Committee to study city administrator position

Jamie Clary

A committee formed recently to study whether or not the city should hire a city administrator will hold its first meeting on Sept. 27 at Hendersonville City Hall.

The idea of hiring a city administrator to handle many of the day-to-day operations currently handled by the city’s mayor was proposed most recently in the spring during budget discussions by Ward 6 Alderman Matt Stamper.

Stamper, who proposed the city include $125,000 to $150,000 in its 2019 fiscal year budget for the position, later withdrew his proposal but suggested the city form an ad hoc committee to study the issue further.   

The city’s charter allows for a city administrator if seven members of the Board of Mayor and Aldermen vote to hire one.

Several other cities including Goodlettsville, Brentwood, Murfreesboro and Franklin, have fulltime city administrators and part-time mayors.

Following a recommendation from the city’s General Committee, BOMA members voted 10 to 2 Aug. 28 on an ordinance that establishes the special committee.

According to the ordinance, the five-member body will exist for a three-month period from Sept. 1 through Nov. 30. Committee members include Rick Fox, Rita Lea, former alderman John Prentiss, former Hendersonville Finance Director Jim Young, and Dana Swinea, a former assistant finance director for the city who is now the finance director for the city of Mt. Juliet.

Municipal Technical Advisory Service (MTAS) Consultant Gary Jaeckel will serve as a consultant to the committee and its members.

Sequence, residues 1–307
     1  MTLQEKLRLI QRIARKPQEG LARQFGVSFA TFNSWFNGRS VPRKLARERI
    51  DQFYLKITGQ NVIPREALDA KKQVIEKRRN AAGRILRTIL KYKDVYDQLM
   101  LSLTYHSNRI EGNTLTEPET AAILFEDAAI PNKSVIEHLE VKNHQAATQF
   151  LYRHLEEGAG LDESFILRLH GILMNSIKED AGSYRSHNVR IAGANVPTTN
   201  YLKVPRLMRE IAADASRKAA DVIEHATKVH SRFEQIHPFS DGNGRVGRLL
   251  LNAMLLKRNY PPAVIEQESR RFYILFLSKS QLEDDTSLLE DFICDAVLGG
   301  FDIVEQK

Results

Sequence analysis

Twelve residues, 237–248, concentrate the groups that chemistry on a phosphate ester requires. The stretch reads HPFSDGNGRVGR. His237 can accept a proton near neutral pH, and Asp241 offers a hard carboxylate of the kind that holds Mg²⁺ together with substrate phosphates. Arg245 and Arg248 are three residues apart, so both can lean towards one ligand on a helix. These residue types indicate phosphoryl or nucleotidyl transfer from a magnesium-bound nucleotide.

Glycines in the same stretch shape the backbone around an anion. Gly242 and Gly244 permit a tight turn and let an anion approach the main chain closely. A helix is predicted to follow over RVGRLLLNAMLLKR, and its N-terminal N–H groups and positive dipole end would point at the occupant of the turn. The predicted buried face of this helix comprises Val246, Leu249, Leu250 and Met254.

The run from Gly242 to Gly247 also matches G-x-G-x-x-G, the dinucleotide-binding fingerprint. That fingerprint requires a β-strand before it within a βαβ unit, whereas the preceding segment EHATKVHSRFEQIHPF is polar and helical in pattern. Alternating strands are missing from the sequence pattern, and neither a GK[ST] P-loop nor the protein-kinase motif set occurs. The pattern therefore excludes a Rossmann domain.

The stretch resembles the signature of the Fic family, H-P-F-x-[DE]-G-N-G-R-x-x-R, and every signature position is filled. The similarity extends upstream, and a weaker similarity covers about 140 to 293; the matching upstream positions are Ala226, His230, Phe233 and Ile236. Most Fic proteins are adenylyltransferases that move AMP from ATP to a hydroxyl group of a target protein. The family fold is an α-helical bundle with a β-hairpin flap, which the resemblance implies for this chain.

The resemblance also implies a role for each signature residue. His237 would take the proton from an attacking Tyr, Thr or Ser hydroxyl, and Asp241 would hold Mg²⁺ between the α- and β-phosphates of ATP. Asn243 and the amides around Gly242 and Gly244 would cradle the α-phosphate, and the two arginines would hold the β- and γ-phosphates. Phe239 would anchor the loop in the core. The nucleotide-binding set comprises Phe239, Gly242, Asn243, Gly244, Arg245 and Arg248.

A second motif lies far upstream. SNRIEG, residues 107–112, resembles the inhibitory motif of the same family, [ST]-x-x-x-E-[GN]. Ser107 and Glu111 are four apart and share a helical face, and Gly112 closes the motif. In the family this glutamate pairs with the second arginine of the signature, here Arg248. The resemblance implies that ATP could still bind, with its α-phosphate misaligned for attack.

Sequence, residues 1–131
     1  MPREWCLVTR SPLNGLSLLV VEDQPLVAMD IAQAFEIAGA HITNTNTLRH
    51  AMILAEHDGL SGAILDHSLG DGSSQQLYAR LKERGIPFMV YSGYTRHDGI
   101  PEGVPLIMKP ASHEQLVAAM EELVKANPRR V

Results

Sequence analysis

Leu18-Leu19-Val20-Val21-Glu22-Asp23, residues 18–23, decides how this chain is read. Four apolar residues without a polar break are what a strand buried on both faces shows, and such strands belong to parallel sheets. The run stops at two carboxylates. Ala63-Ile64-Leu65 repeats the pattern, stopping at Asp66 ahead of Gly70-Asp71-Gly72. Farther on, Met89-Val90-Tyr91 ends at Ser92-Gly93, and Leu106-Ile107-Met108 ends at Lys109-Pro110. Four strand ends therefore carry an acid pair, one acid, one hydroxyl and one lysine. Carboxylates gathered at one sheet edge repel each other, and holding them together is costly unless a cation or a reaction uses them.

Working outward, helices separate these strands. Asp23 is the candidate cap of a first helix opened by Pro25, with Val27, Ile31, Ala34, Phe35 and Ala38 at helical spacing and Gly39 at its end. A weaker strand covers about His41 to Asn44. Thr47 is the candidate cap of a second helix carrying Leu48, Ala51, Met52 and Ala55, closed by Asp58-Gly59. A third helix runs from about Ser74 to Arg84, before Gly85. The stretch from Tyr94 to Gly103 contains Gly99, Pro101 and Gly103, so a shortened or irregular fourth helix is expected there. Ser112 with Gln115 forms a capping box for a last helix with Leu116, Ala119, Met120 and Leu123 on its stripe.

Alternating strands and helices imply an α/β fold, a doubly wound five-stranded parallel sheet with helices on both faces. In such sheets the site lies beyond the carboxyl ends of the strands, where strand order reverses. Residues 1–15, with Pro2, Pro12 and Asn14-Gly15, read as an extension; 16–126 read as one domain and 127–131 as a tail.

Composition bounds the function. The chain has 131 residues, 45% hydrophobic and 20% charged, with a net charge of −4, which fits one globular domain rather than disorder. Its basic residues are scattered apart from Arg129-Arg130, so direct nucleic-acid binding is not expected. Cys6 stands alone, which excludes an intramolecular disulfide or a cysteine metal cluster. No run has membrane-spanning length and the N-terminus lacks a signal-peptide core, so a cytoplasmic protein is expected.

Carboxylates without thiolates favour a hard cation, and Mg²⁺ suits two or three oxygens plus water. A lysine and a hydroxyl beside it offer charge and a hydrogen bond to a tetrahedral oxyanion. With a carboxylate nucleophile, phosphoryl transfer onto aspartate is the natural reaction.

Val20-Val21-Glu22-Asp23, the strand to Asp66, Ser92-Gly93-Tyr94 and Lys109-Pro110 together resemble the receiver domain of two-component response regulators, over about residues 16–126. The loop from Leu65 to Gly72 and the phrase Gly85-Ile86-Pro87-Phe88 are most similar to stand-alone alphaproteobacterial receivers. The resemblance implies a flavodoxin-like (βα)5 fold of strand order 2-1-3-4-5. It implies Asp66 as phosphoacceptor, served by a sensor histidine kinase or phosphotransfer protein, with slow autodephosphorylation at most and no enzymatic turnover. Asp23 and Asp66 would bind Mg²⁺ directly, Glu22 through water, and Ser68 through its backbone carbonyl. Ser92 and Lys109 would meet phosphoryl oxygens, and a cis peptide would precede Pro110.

The committee is charged with researching and advising BOMA on issues related to the city administrator position including but not limited to the position’s responsibilities, authority and salary, according to the ordinance.

The committee is required to submit its report to the General Committee no later than Feb. 12, 2019, and has the option of including any recommendations based on its findings.

The idea of hiring a city administrator was first proposed in April of 2016 by then-Mayor Scott Foster – also during budget time. Stamper suggested the city form an ad hoc committee that year after Foster pulled his proposal due to lack of support from board members. The committee never formed, and Jamie Clary was elected mayor in November of 2016.  

Clary has said he is against the city hiring a city administrator, arguing it would diminish the role of a popularly elected mayor.

At the committee’s first meeting, scheduled for 7 p.m. on Sept. 27, it will elect a chairman, vice-chairman and secretary. Jaeckel is also scheduled to give a presentation about how the role of a city administrator is used in other cities.    

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